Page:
Mr. Morell, with whom Carlyle and the Rev. D. Thomas coincide, writes in a similar strain, thus: "If anyone imagine that he can ever attain the full conception of the Deity by a process of logical definition or reasoning, he will be utterly disappointed of his hope. The primary conception of the Infinite, the Absolute, the Selfexistent, is altogether indefinable, and consequently those minds which have proceeded logically in their enquiry on this subject, to the denial of all other evidence, have always concluded that we have no such conception at all,--that the Infinite is purely a negative idea, that it results simply from the addition of an indefinite number of finites. And yet to the intuitional consciousness there is no idea more positive, more sure, more necessary." Surely, it is late on in the day to inform us that, "if any one imagine that he can ever attain the full conception of the Deity by a process of logical definition or reasoning, he will be utterly disappointed of his hope. The primary conception of the Infinite, the Absolute, the Self-existent, is altogether indefinable." Who ever does imagine that he can attain "a full conception of the Deity by a process of logical definition or reasoning," or even by any other process? How is it that Mr. Morell confines the impossibility to "a logical process ?" Why, he would fain make us believe it seems that, by some other process the ponderous task can be accomplished. Than "the Infinite, the Absolute, the Self-existent," "to the intuitional consciousness there is no idea more positive, more sure, more necessary." Why did not he say, also, more distinct? And what is this almighty "intuitional consciousness?" Is it a faculty of the rational soul? if so, is it entirely separate and independent of the "logical faculty?" Or is it a universal, necessary condition, that the logical faculty should be asleep while this "intuitional consciousness" is in operation? Is their con-joint exercise an impossibility? We may fairly demand some account of the matter, with directions as to how such a state of sublimation can be attained. Can all philosophers rise, or be carried, to this highest pinnacle of the temple? Is night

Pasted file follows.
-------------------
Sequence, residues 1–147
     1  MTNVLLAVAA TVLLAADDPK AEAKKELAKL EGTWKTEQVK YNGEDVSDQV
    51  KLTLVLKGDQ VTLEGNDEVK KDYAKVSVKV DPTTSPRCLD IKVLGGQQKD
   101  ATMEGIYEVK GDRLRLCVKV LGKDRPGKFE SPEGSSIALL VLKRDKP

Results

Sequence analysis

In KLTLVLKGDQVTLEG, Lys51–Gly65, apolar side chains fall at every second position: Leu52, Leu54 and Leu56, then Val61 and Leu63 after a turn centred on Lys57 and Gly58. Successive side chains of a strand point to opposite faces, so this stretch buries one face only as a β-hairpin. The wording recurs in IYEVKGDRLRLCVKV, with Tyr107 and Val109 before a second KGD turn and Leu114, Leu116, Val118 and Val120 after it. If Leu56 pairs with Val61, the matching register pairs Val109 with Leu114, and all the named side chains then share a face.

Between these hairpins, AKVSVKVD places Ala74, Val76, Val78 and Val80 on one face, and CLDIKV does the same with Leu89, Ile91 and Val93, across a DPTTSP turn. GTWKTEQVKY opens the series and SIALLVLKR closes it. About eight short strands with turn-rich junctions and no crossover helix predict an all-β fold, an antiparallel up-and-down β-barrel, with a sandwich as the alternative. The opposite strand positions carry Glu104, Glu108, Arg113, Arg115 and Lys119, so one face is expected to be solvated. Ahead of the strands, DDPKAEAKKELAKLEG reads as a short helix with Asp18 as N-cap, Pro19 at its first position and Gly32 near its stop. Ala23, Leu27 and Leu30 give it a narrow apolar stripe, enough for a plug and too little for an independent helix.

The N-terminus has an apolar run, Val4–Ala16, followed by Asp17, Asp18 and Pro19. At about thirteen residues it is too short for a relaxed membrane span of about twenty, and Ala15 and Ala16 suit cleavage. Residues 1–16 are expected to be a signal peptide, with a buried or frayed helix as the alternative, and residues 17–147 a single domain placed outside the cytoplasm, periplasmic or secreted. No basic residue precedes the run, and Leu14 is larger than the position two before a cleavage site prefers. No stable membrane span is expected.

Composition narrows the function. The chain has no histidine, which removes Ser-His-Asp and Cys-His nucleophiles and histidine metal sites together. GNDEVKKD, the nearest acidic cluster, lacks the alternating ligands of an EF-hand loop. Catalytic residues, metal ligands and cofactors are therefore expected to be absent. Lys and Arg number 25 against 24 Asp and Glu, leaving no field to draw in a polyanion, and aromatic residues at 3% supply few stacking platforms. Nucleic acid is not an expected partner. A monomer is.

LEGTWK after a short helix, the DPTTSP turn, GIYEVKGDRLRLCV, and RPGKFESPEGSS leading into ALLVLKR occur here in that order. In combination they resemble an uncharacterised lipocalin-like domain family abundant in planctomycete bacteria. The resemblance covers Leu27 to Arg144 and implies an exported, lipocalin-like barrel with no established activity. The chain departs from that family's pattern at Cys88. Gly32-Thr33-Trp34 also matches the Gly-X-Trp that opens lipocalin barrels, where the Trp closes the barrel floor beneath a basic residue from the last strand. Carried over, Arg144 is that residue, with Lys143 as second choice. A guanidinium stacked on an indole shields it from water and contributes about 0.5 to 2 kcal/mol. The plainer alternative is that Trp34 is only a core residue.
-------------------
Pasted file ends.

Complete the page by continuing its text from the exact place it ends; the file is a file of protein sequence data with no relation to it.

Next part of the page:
or day most favourable to the ascent? Is there any consciousness of a special afflatus on entering the cloud? But we fear that, after all inquiries, we shall fail of understanding an author who represents it as possible that, in approaching, by contemplation, the presence of the Infinite, a person may lose himself, and be conscious of his own annihilation. (See Phil. of Rel. p. 75.)
These are, we think, a fair sample of modern objections to our argument; and we will endeavour, briefly, to point out wherein consists their fallacy. Enough, we think, has been said of the first class already; and we shall endeavour to dispose of those of the other class. The chief objection is, "that from finite effects and indications we can never infer the Infinite; that we need to comprehend the whole nature of God, in order to have evidence of his existence." There are two fallacies in this objection : one, that it is possible for the finite to comprehend the Infinite; the other, that without this grasping of the Infinite, we cannot be assured of his being.
But as long as it is necessary for man, in his thinkings, to distinguish that which he thinks about from other things; as long as the object of thought is something distinct from the thinker; as long as the act of thought takes place in a given period of time, in any time; that is, as long as human nature is what it is, and acts under its present limits, so long will it be impossible that man should comprehend, or have a full conception of "the Infinite, the Absolute, the Self-existent." It is saying, for our position upon this point, a great deal, when Morell himself testifies that, "Those minds which have proceeded logically in their enquiry on this subject, to the denial of all other evidence, (though, how he manages to compare logically with all other evidence' is rather puzzling) have always concluded that we have no such conception at all, that the Infinite is purely a negative idea."
But because we cannot conceive of God as He is, in His own Infinitude, does it follow that we can have no evidence of His existence? Not at all. We might as well say, we had no evidence of the existence of the "milky way" till we were taught that it consisted of the combined light of countless stars; that the existence of the solar system was problematical till the days of Copernicus; that still we are uncertain as to the existence of light, because we know not its real nature. And what does the objection amount to, that the marks of design, &c., are finite, and therefore cannot give us evidence of the Infinite? Before seeing Professor Rogers' remarks on this point, we had come to his conclusion, which he elaborates and expresses in the following beautiful language: supposing the argument from "Design," just and well-founded as far as it goes;' that there is a God who is possessed of 'power and wisdom' to the extent in which He has displayed